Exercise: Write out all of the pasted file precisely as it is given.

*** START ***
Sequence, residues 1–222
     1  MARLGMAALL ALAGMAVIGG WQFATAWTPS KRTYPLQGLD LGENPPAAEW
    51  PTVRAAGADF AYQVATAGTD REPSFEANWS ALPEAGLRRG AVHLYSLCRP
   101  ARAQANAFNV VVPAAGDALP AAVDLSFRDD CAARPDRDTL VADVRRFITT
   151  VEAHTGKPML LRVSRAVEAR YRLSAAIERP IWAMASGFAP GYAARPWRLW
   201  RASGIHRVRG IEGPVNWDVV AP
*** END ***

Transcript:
Sequence, residues 1–222
     1  MARLGMAALL ALAGMAVIGG WQFATAWTPS KRTYPLQGLD LGENPPAAEW
    51  PTVRAAGADF AYQVATAGTD REPSFEANWS ALPEAGLRRG AVHLYSLCRP
   101  ARAQANAFNV VVPAAGDALP AAVDLSFRDD CAARPDRDTL VADVRRFITT
   151  VEAHTGKPML LRVSRAVEAR YRLSAAIERP IWAMASGFAP GYAARPWRLW
   201  RASGIHRVRG IEGPVNWDVV AP